Plethodon pauleyi, Felix & Wooten & Pierson & Camp, 2019

Felix, Zachary I., Wooten, Jessica A., Pierson, Todd W. & Camp, Carlos D., 2019, Re-evaluation of the Wehrle’s salamander (Plethodon wehrlei Fowler and Dunn) species group (Caudata: Plethodontidae) using genomic data, with the description of a new species, Zootaxa 4609 (3), pp. 429-448: 440-443

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Plethodon pauleyi

sp. nov.

Plethodon pauleyi   sp. nov.

Suggested English name: yellow-spotted woodland salamander

Figs. 6 & 7

Plethodon wehrlei   (part), Cupp & Towles 1983, Redmond & Jones 1985, Waldron et al. 2001, Highton et al. 2012, Kuchta et al. 2018

Holotype. Museum of Zoology at Berkeley ( MVZ 291261) (field number: WV28) a female from Pipestem State Park , rock outcrops just uphill and along River Trail near Mercer / Summers County line, West Virginia, United States of America, 37.53573°N, - 81.01665°W (data = WGS84), 548 m asl, 8 May 2011, coll. Z. Felix. GoogleMaps  

Allotype. MVZ 291260 (field number: WV27) a male collected at same time and place as holotype.  

Paratypes. (4) MVZ 291259, 291262   – 291264 (field numbers WV26, WV29–31) all with same collecting data as holotype.

Diagnosis. Our molecular data and those presented in earlier publications (e.g. Kuchta et al. 2018) place P. pauleyi   within the genus Plethodon   and more specifically within the P. wehrlei   species group. Generally, this new species shares the morphology typical of woodland salamanders of the genus Plethodon   and exhibits the expanded webbing between the toes found in other members of the P. wehrlei   group. Plethodon pauleyi   also shares the whitish irregular mottling that is found along the margin of the lateral and ventral sides of other members of the species group.

The most obvious feature that distinguishes P. pauleyi   from P. wehrlei   , P. punctatus   , P. dixi   , and P. jacksoni   is the presence of two rows of yellow, dorsal spots. These loosely paired spots begin at or posterior to the insertion of the forelimbs and run down the dorsum to just posterior to the insertion of the hind limbs. These spots normally number between 6 and 12 on a side. Neither P. dixi   nor P. punctatus   normally have dorsal spots, and spots on P. wehrlei   and P. jacksoni   are reddish in color, never yellow. The spots are fainter in older individuals. Plethodon pauleyi   is also distinguishable from other members of the species group by its ventral coloration. This new species has a grayish, translucent venter with lightly pigmented mottling whereas P. wehrlei   and P. punctatus   both have darkly pigmented venters with little mottling and a noticeably lighter gular region. Compared to the relatively dark, almost salt-and-pepper mottling on the venter of both P. dixi   and P. jacksoni   , the mottling on the venter of P. pauleyi   is more lightly pigmented. Additionally, P. pauleyi   can be diagnosed by having only two costal grooves between the adpressed limbs as opposed to three or four in P. wehrlei   , P. jacksoni   , and P. dixi   ( Fowler & Dunn 1917; Pope & Fowler 1949; Newman 1954), and 2 or 3 in P. punctatus   (ZIF unpublished data).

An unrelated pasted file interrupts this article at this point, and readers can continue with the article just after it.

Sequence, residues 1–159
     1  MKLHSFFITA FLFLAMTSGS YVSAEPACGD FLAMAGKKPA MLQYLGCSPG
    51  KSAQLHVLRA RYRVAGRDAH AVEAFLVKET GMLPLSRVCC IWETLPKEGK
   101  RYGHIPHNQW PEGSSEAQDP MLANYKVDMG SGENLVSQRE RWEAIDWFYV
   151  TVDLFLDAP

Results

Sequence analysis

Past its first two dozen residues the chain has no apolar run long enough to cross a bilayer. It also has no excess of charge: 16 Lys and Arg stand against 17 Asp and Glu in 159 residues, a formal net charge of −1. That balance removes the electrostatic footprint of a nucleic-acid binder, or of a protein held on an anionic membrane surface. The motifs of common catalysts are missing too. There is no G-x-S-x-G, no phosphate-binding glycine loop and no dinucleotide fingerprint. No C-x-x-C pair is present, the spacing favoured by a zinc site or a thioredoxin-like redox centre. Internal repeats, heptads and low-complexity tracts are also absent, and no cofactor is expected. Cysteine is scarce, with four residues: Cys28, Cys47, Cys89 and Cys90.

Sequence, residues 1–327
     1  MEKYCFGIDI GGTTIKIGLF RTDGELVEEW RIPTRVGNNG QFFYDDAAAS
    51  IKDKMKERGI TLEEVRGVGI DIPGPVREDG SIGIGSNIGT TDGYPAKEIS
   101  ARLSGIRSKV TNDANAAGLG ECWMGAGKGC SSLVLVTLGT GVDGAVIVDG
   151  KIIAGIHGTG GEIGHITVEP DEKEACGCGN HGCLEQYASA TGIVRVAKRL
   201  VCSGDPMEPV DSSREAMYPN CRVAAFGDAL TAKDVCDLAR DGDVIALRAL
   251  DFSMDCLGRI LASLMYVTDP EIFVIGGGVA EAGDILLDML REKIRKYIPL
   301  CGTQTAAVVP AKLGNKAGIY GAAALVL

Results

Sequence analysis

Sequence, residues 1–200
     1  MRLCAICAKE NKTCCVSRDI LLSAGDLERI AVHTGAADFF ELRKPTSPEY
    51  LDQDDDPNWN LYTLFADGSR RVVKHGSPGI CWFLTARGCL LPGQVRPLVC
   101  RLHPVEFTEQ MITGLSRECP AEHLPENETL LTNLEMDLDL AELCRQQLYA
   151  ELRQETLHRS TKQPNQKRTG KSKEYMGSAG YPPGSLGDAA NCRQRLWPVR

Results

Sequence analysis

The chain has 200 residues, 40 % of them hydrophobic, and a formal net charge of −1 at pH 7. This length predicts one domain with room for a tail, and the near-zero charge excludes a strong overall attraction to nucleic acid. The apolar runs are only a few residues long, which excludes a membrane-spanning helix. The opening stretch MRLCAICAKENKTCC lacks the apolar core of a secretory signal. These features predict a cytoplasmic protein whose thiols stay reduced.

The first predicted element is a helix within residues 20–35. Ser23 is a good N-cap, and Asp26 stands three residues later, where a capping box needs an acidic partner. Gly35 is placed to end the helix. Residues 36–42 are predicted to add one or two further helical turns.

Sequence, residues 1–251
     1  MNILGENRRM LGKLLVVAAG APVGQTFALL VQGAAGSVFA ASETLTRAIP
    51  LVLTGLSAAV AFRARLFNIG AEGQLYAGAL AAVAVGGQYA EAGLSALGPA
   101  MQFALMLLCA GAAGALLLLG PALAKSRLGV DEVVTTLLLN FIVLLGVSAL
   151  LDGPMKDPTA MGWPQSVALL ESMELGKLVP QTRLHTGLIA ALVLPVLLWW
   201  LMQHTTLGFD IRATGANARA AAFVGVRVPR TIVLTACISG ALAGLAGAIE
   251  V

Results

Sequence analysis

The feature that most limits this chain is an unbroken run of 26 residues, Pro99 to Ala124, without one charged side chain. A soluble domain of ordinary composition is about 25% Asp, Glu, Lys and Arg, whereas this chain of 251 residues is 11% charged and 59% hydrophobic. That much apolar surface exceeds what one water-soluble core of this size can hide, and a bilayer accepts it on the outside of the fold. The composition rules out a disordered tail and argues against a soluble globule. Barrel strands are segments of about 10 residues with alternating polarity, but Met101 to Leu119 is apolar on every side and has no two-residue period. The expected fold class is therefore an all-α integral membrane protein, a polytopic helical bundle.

Holotype description (Fig. 6A) A mature female with yolked eggs (approximately 3.4 mm in diameter) and SVL of 52.4 mm. Post-preservation measurements were as follows (all measurements in mm; see Table 2 View TABLE 2 for description of measurements): AXW 5.2; PELW 4.9; HDL 11.2; HDHJM 4.1; HDHJA 3.4; HDWJM 6.7; HDWJA 7.8; IOW 2.6; OW 2.8; INW 2.3; OND 2.0; TWB 3.7; TW5CF 3.0; THB 3.0; TH5F 3.1; TOE1-4A 0.4, 1.4, 1.7, 1.1; TOE1-5P 0.5, 1.3, 2.1, 1.9, 0.9; FLL 11.2; HLL 15.3; FWA 3.7; FWP 5.2. There were seventeen costal grooves with two costal grooves between the adpressed limbs. In life, the dorsum was black to plumbeous and marked by two rows of conspicuous yellow, round, irregularly edged spots, each approximately 1–2 mm in diameter. There were eight spots on the left side and six on the right. Tiny white flecks were scattered across the head and neck between the forelimbs and along the dorsal surfaces of the brachia. These were most abundant on and above the eyes as well as directly above the insertion of the limbs. The sides of the face and trunk were gray and marked with irregularly edged, white mottling distributed from the lips, down each side at the margin of the lateral and ventral sides, to the insertion of the hind limbs. The venter between limbs and extending onto the tail was salt-and-pepper gray and

Allotype description (Fig. 6B, C) Mature male measuring 63.0 mm SVL with conspicuous mental gland (2.8 mm diameter). Post-preservation measurements were as follows (all measurements in mm): AXW 6.3; PELW 6.1; HDL 13.8; HDHJM 4.5; HDHJA 3.8; HDWJM 7.8; HDWJA 9.0; IOW 2.5; OW 3.3; INW 2.7; OND 2.5; TWB 4.5; TW5CF 4.0; THB 3.6; TH5F 3.3; TOE1-4A 0.4, 1.7, 2.0, 1.3; TOE1-5P 0.8, 1.7, 2.3, 2.5, 1.6; FLL 14.3; HLL 16.2; FWA 4.0; FWP 7.0. Costal grooves were 16. Two costal grooves between the adpressed limbs. In life, the dorsal surface was grayish brown. The paired, yellowish spots, seven on the right and seven on the left, were fragmented and faint. No other spotting was apparent on the dorsum. The lower sides of the face and body were gray with very few, widely scattered, small, white mottles. The venter was translucent with faint, fine mottling throughout.